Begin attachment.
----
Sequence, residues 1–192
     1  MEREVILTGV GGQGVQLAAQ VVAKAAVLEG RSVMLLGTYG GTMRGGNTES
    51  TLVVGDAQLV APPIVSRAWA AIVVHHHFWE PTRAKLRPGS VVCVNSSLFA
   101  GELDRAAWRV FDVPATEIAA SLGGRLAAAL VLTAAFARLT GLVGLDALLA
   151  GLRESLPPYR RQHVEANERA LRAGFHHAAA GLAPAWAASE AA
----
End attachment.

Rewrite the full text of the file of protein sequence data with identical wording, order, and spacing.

Sequence, residues 1–192
     1  MEREVILTGV GGQGVQLAAQ VVAKAAVLEG RSVMLLGTYG GTMRGGNTES
    51  TLVVGDAQLV APPIVSRAWA AIVVHHHFWE PTRAKLRPGS VVCVNSSLFA
   101  GELDRAAWRV FDVPATEIAA SLGGRLAAAL VLTAAFARLT GLVGLDALLA
   151  GLRESLPPYR RQHVEANERA LRAGFHHAAA GLAPAWAASE AA